Tuesday, February 14, 2012

Media Moment, "Tweeting about Jeremy Lin"

Jeremy Lin of the NY Knicks

“ Jeremy Lin is a good player but all the hype is because he’s Asian. Black players do what he does every night and don’t get the same praise.”
It’s crazy how a single tweet can transform into a racial issue. This is what Floyd Mayweather, the undefeated U.S. boxer tweeted not even 24 hours ago and he’s getting serious backlash for it.
       Of course it will be news for Jeremy Lin, an American with Taiwanese roots, to be the talk of the town right now because that in and of it is different but it’s also about his skills on the court. Shucks, if I dropped 20 or so points every game, especially with Carmelo Anthony and Amare Stoudemire- Knicks star-players being out due to injuries, outscoring great players like Kobe Bryant and doing all this while coming from a low ranked college league (Harvard), my name would be all over the internet and sports shows too! Does LeBron not get praise for his swift moves and “money” shots? Or is Jordan not deemed as one of the greatest ball players of all time? Am I mistaken because I thought these players were African American as well?
How about Jason Whitlock’s (Fox Sports writer) tweet, “Some lucky lady in NYC is gonna feel a couple of inches of pain tonight,” clearly referring to J-Lin’s anatomy. Whitlock was eventually fired for his tweet but the fact still remains that stereotyping and relying on schema is still strong today as it’s ever been.
       We all know the schema about Asian males: extremely smart, nerdy, computer geniuses, short in height, into Pokemon and anime, small penis, strict family, owns a Chinese Restaurant and the list goes on. Its sad that J-Lin can’t quite get the respect he deserves because of his race.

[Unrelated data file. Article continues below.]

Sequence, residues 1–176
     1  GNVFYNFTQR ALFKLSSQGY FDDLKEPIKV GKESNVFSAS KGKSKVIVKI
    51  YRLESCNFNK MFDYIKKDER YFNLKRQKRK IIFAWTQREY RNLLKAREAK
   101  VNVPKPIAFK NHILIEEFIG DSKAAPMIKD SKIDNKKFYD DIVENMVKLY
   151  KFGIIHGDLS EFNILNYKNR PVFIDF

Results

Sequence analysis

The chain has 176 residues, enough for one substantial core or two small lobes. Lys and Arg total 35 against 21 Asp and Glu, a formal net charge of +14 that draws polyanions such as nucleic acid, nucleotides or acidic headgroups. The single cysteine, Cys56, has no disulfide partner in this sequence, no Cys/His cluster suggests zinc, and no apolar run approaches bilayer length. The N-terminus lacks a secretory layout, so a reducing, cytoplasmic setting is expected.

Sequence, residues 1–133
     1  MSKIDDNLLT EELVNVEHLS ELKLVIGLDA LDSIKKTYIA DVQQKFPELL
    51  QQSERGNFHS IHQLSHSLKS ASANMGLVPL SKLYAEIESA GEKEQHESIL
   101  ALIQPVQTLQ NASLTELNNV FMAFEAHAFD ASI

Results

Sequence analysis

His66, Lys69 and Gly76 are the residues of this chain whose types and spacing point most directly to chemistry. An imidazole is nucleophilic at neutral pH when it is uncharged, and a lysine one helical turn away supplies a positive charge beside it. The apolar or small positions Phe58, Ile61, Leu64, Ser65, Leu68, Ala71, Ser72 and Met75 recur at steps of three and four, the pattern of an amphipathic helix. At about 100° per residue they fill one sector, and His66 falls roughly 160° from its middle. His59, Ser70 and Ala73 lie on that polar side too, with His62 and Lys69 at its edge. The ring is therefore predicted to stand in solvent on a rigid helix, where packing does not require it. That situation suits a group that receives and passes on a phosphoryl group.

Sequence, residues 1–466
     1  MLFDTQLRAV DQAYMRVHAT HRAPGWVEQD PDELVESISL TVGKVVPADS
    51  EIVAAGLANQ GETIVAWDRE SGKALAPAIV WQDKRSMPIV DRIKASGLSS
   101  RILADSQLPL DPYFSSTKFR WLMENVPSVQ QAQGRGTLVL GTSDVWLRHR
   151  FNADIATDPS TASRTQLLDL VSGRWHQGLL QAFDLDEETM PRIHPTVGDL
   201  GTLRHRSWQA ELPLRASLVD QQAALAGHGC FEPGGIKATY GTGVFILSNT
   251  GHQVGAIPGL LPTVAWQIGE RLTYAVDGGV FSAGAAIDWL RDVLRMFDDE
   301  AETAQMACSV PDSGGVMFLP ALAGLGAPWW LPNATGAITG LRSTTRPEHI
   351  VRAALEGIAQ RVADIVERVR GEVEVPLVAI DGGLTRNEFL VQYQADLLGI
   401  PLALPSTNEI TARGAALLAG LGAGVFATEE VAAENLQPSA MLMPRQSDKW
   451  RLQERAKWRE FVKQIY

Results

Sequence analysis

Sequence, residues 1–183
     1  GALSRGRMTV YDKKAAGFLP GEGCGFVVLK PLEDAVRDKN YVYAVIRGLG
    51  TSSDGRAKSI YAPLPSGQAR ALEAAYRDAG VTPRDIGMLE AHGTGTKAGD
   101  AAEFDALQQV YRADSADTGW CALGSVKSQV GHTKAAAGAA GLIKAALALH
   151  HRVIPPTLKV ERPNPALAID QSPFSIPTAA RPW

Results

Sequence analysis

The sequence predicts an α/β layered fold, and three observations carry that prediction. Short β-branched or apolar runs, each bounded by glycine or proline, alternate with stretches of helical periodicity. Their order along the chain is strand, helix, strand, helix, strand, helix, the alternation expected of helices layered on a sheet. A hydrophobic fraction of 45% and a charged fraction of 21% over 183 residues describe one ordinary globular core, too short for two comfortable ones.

My question to you guys is: Do you think, based off your own knowledge about race in the media and our readings, Jeremy Lin always have his race card played before his skills on the court? Why or why not? 


  1. Joanna you bring up an excellent point regarding race in the media. I think that Jeremy Lin will, at least for the foreseeable future have his ethnicity brought up again and again. I personally think it goes beyond him playing in a sport predominantly dominated by African Americans players.

    Jeremy Lin's story is pretty Cinderella, at least for now. Statistically players of Asian decent are not really represented in the NBA, so when one breaks out to be the current savior of one of the largest francises in sports, people are going to take notice. Not to mention he's a Harvard grad, who rode the bench for a season in the NBA before be traded and sent to a development league before making it back to the big show to dominate. He was sleeping on his brothers futon while starting on the Knicks because his contract still wasn't solidified. His story is great and him being of Asian decent plays a big part because race is still a big issue in our society.

    A bigger issue is what if Jeremy Lin flames out. Will all the talk be about how him being of Asian decent meant he wasn't cut out for professional basketball?

  2. So true Matt! I definitely think if Lin loses his winning streak, just for a moment, they'll automatically refer to his race... I just hope he has the heart to dust those negative comments off. It's just like the saying, "White man can't jump" referring to White guys not having enough skill to play ball. What's crazy though is that the White racial comments don't quite come up anymore- Nash's assists far outshine his race and Love's points aren't dependent on him being White.
    I don't know... I guess White men figured out how to "jump" and Asian's need to follow suit.

  3. This story presents yet another example of cultural stratification created by the media. I agree with Matt on the stance that J. Lin's race will continue to grow as a focal point of the viewers' gravitation to the subject of his success. As we discussed throughout the course, the media segregate social and cultural spheres and categorize accordingly to race, class, gender, etc. The sports industry is only one of the many examples of such a phenomenon. Even before his involvement with NBA, Lin's interest in basketball was seen as ironic, considering the cultural stereotypes that Joanna mentioned of Asian-Americans being put on a pedestal of modest, "keep to themselves" academic overachievers. In the end, the fact that Lin is breaking the stereotype induced by the media on Asian-Americans, gains him flourishing publicity coverage.